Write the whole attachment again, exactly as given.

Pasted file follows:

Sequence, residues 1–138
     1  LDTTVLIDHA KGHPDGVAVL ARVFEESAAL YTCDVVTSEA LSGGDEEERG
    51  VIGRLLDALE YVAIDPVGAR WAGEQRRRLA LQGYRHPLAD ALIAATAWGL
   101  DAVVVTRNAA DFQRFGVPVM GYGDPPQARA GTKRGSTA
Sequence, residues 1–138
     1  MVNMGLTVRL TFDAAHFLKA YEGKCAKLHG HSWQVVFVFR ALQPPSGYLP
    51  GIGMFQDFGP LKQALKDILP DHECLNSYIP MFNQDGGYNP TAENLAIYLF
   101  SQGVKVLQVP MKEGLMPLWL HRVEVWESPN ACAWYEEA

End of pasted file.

Sequence, residues 1–138
     1  LDTTVLIDHA KGHPDGVAVL ARVFEESAAL YTCDVVTSEA LSGGDEEERG
    51  VIGRLLDALE YVAIDPVGAR WAGEQRRRLA LQGYRHPLAD ALIAATAWGL
   101  DAVVVTRNAA DFQRFGVPVM GYGDPPQARA GTKRGSTA
Sequence, residues 1–138
     1  MVNMGLTVRL TFDAAHFLKA YEGKCAKLHG HSWQVVFVFR ALQPPSGYLP
    51  GIGMFQDFGP LKQALKDILP DHECLNSYIP MFNQDGGYNP TAENLAIYLF
   101  SQGVKVLQVP MKEGLMPLWL HRVEVWESPN ACAWYEEA